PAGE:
So it’s been a complete disaster in many respects and the US effort has been put on hold. So again, what I hear is you know let’s get the Libyans in a room, there has to be a broad political compact, they have to decide on the institutions, the chain of command for the military. You know as far as kicking this to the regionals, I mean there are a number of peace talks being proposed by the Algerians or the by the Sudanese, what I hear is that you know a lot of these regional partners, they have a dog in the fight, they’re not, and they’re not always the best you know inter…you know mediators for this, so I think the UN is the way to go in terms of mediating and a dialogue in, you know these air strikes that have been conducted by the UAE and Egypt, they’re allegedly, I mean they’re going after some very bad actors no doubt, but I think what they’re doing is they’re inflaming the situation, I mean they’re really pushing a lot of Islamists groups into a corner, some of the groups that they’re attacking are not on the terrorism list. And so this regional meddling I think is unhelpful on a number of levels.
Paul Salem: Thank you Fred. Amr let me turn to you. I mean obviously there’s been shifts in the regional alignment with the Morsi government and obviously with the Sisi government from Qatar, Turkey, at one point the Saudi Arabia, UAE, the relations with the US have been sort of problematic certainly, but Egypt is obviously a giant, it is not you know it is not a minor player, so it’s acted upon, yes Saudi Arabia anyway are more wealthy and they can buy influence in that sense, but Egypt also as an actor has its own views about its role in the region, about perhaps what’s going in Libya and Syria and so on. So if you could comment on both sort of the external games that are being played in Egypt, how long and how it might they play out? How long do you think that this relationship with the Gulf, given the enormous economic cost, how do you see that developing? And how do you see, I mean President Sisi and his following is very nationalistic and harks back to the old Morsi days when Egypt set the agenda on the issues, how do you see that expressing itself, whether it was in Gaza or Libya or Syria or other places?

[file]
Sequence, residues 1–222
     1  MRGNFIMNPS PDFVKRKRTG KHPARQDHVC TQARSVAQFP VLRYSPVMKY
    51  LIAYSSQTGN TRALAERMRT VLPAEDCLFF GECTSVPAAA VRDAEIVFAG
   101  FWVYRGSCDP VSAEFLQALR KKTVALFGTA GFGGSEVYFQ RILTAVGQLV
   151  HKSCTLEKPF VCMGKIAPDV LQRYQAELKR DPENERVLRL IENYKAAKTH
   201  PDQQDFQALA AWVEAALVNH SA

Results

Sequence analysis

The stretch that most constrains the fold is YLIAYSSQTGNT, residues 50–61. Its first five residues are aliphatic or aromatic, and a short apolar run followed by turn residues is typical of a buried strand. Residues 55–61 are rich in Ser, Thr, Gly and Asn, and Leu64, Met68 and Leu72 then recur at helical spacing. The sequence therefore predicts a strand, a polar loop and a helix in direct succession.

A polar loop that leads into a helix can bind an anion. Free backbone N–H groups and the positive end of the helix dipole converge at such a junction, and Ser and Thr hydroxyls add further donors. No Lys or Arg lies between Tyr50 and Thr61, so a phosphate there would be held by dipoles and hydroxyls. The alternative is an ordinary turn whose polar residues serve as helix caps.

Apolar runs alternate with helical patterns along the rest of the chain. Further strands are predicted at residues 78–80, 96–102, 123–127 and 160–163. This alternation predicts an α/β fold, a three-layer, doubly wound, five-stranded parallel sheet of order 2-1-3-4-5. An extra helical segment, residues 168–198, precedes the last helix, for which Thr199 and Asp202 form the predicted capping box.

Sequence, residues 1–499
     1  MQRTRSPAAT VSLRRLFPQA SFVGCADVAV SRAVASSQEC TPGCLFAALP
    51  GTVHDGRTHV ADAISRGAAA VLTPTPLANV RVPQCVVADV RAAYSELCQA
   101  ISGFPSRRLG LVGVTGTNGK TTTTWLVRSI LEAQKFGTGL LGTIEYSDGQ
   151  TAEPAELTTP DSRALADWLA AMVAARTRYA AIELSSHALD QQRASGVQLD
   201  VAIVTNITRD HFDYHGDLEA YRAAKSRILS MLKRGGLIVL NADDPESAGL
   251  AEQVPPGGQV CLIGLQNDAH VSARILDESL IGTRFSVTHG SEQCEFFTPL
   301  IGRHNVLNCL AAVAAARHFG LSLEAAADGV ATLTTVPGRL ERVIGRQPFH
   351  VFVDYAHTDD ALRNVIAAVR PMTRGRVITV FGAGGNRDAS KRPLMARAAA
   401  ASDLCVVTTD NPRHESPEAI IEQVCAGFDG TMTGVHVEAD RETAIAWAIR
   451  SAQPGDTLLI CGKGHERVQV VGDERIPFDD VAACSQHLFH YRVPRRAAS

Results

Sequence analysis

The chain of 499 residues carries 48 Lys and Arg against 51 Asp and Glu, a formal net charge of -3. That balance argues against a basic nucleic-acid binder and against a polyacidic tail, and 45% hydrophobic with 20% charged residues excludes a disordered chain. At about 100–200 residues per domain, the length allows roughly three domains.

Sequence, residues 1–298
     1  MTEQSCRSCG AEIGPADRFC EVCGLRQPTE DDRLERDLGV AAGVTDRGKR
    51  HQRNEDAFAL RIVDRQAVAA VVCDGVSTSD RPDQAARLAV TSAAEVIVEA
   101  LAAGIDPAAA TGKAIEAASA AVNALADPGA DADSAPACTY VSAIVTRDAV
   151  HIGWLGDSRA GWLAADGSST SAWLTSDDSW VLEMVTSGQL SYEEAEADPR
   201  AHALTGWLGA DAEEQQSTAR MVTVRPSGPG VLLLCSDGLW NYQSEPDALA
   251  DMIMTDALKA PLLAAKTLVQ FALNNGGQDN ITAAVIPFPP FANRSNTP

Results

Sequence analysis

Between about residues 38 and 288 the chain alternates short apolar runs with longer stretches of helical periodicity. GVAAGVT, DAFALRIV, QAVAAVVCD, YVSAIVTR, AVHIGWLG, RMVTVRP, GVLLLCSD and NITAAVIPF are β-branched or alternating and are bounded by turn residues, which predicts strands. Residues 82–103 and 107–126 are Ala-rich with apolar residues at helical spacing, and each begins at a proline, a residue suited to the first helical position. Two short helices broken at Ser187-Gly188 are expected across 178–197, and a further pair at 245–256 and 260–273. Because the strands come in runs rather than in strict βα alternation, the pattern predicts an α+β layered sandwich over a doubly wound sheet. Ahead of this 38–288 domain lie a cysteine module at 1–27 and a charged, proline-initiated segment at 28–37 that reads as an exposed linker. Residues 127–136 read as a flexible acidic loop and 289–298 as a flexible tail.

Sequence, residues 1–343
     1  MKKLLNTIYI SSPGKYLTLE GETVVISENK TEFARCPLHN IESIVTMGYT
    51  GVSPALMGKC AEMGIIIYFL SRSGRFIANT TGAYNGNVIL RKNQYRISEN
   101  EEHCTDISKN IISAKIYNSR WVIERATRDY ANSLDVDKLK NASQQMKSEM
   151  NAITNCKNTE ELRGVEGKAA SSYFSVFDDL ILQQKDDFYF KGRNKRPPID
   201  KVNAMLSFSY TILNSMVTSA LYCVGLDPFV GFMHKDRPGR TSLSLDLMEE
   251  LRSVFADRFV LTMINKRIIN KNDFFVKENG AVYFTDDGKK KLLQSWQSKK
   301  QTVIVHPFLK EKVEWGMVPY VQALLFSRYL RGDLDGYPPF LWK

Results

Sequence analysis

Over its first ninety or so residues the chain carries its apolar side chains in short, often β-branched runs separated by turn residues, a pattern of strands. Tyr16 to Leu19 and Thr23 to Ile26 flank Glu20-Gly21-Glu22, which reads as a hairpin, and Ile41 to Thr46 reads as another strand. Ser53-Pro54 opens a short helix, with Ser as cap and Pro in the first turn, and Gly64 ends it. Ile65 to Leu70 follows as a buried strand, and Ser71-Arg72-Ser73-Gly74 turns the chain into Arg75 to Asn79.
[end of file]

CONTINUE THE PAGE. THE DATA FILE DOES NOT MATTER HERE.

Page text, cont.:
Amr el-Shobaki: I think it’s true what you said about the nationals, the schools in Egypt and I think Egypt cannot play an independent or important role without solve big part of our domestic or our internal problems. So I think they’re both related for sure after 25 January, the majority of the Egyptian need new pact with USA, many people prefer that Egypt could be independent country, can said yes or no and function is interests, but I think the problem in Egypt still internal. I mean, to play important role Egypt need to be a normal country, to go to through the normalization between old, the political actors accepted who inside who is violent, who practice it. I think that’s the fairest step for the country, I think what happened last three years, it was the case, they felt that we hear this the school very strong now in Egypt, that the Egyptian society or the political actors fail to organize themselves so we need the strong man as a public order and I think it’s happened in Libya or could happen in any other countries. We need to make a reconciliation and also to respect the diversity of the Egyptian society. I mean that in Egypt we have a conservative network, we have a conservative party, we have a part of the society don’t participate in the Revolution, don’t like to be all the time in the revolutionary, the schools, and we have in the same time this progresses or this leftist or this liberal movement. Now we have every day character assassination, we have, so I don’t think that we can play influential rule without solve this, all this kinds of problems and make a reconciliation between the pacifists and the political actors in the society.